Skip Navigation
Skip to contents

JPMPH : Journal of Preventive Medicine and Public Health

OPEN ACCESS
SEARCH
Search

Search

Page Path
HOME > Search
20 "Tobacco"
Filter
Filter
Article category
Keywords
Publication year
Authors
Funded articles
Perspective
Epidemiological Model for Conventional Tobacco Control Measures and Tobacco Endgame Policies
Heewon Kang, Sung-il Cho
J Prev Med Public Health. 2023;56(5):481-484.   Published online September 26, 2023
DOI: https://doi.org/10.3961/jpmph.23.239
  • 1,011 View
  • 89 Download
  • 2 Web of Science
  • 2 Crossref
AbstractAbstract AbstractSummary PDFSupplementary Material
Epidemiological models, also known as host-agent-vector-environment models, are utilized in public health to gain insights into disease occurrence and to formulate intervention strategies. In this paper, we propose an epidemiological model that incorporates both conventional measures and tobacco endgame policies. Our model suggests that conventional measures focus on relationships among agent-vector-host-environment components, whereas endgame policies inherently aim to change or eliminate those components at a fundamental level. We also found that the vector (tobacco industry) and environment (physical and social surroundings) components were insufficiently researched or controlled by both conventional measures and tobacco endgame policies. The use of an epidemiological model for tobacco control and the tobacco endgame is recommended to identify areas that require greater effort and to develop effective intervention measures.
Summary
Korean summary
이 연구는 기존의 담배규제와 관련된 역학 모형을 확장하여 담배 수요를 줄이기 위한 조치인 MPOWER 정책과 담배 종결전의 주요 정책을 아우르는 개념적 모형을 제시하였다. 각 정책을 개념적 모형 내 배치한 결과, MPOWER 정책은 모형 내 구성요소 간의 연결을 끊는 것을 목표로 하는 반면, 종결전 정책은 모형 내 요소들을 영구적으로 변화시키거나 제거하려는 특성을 가지고 있는 것으로 나타났다. 담배규제정책이 개체, 병원체, 벡터 및 환경 요소에 대한 균형 잡힌 포트폴리오를 갖추고 있는지 평가하기 위해 이 개념적 모형을 활용할 수 있다.
Key Message
We extended the conceptual epidemiological model for tobacco control by incorporating measures to reduce the demand for tobacco (MPOWER measures) and key endgame policies. The model suggests that MPOWER measures focus on disconnecting the relationships between model components, while endgame policies aim to permanently change or eliminate the components themselves. This model can be used to examine whether a country or jurisdiction's tobacco control policy maintains a balanced portfolio across agent, host, vector, and environmental factors.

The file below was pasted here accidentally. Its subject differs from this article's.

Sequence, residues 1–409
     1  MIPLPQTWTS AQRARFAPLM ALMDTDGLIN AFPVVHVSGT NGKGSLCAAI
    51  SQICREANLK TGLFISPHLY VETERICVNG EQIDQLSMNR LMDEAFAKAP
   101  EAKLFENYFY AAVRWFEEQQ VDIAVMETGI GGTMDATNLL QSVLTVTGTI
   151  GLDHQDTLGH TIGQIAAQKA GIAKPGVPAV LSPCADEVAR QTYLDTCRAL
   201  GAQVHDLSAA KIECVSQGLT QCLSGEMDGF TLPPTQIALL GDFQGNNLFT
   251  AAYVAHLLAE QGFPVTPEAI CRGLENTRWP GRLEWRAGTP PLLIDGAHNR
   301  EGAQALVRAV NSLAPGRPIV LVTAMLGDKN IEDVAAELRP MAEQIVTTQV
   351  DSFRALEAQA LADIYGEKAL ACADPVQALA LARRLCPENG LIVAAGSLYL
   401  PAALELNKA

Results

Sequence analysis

Citations

Citations to this article as recorded by  
  • Public support for tobacco endgame policies in South Korea: Findings from the 2020 International Tobacco Control Korea Survey
    Heewon Kang, Wonjeong Yoon, Hong Gwan Seo, Sungkyu Lee, Sujin Lim, Gil-yong Kim, Su Young Kim, Steve S Xu, Mi Yan, Anne C K Quah, Janet Chung-Hall, Lorraine V Craig, Coral E Gartner, Geoffrey T Fong, Sung-il Cho
    Tobacco Control.2024; : tc-2023-058454.     CrossRef
  • Decrease in household secondhand smoking among South Korean adolescents associated with smoke-free policies: grade-period-cohort and interrupted time series analyses
    Hana Kim, Heewon Kang, Sung-il Cho
    Epidemiology and Health.2023; : e2024009.     CrossRef
Original Articles
Association Between Tobacco Smoking and Dental Caries in the Indonesian Population: Results of a National Study in 2018
Lelly Andayasari, Rofingatul Mubasyiroh, Iin Nurlinawati, Irna Sufiawati
J Prev Med Public Health. 2023;56(4):357-367.   Published online July 10, 2023
DOI: https://doi.org/10.3961/jpmph.22.417
  • 1,760 View
  • 143 Download
  • 2 Crossref
AbstractAbstract PDF
Objectives
The 2018 Basic Health Research (RISKESDAS), conducted by the Ministry of Health of the Republic of Indonesia showed a high prevalence of dental caries (88.8%) in Indonesia and suggested that smoking tobacco was associated with an increased risk of dental caries. This study analyzed the association between tobacco smoking and dental caries in the Indonesian population.
Methods
This was a cross-sectional analysis of secondary data collected from RISKESDAS 2018. The study population included 35 391 Indonesians aged ≥10 years from all 34 provinces. The decayed, missing, and filled teeth (DMFT) index was used to measure dental caries. Smoking status was assessed qualitatively based on smoking activity, and the level of smoking exposure was assessed based on the Brinkman index. A multivariable logistic regression analysis was employed to examine the relationships of smoking status and smoking exposure levels with the DMFT index.
Results
Of the population aged ≥10 years, 36% had a DMFT≥8 (females: 37.5%, males: 33.9%). Almost one-fourth (23.4%) were current smokers, and 4.1% were ex-smokers. Furthermore, 26.4% had a Brinkman index ≥400, indicating heavy smoking. According to the multivariate analysis, current smoking status was associated with the risk of DMFT≥8 in males (adjusted odds ratio [aOR], 1.40; 95% CI, 1.27 to 1.55; p<0.001) and overall (aOR, 1.07; 95% CI, 1.00 to 1.14; p=0.037). In females, ex-smoking was associated with a 41% higher risk of DMFT≥8 (aOR, 1.41; 95% CI, 1.07 to 1.84; p=0.014). Heavy smoking was associated with a higher risk of DMFT≥8 in males (aOR, 1.38; 95% CI, 1.25 to 1.52; p<0.001) and females (aOR, 1.24; 95% CI, 1.03 to 1.50; p=0.022).
Conclusions
Tobacco smoking was associated with dental caries in the Indonesian population.
Summary

Citations

Citations to this article as recorded by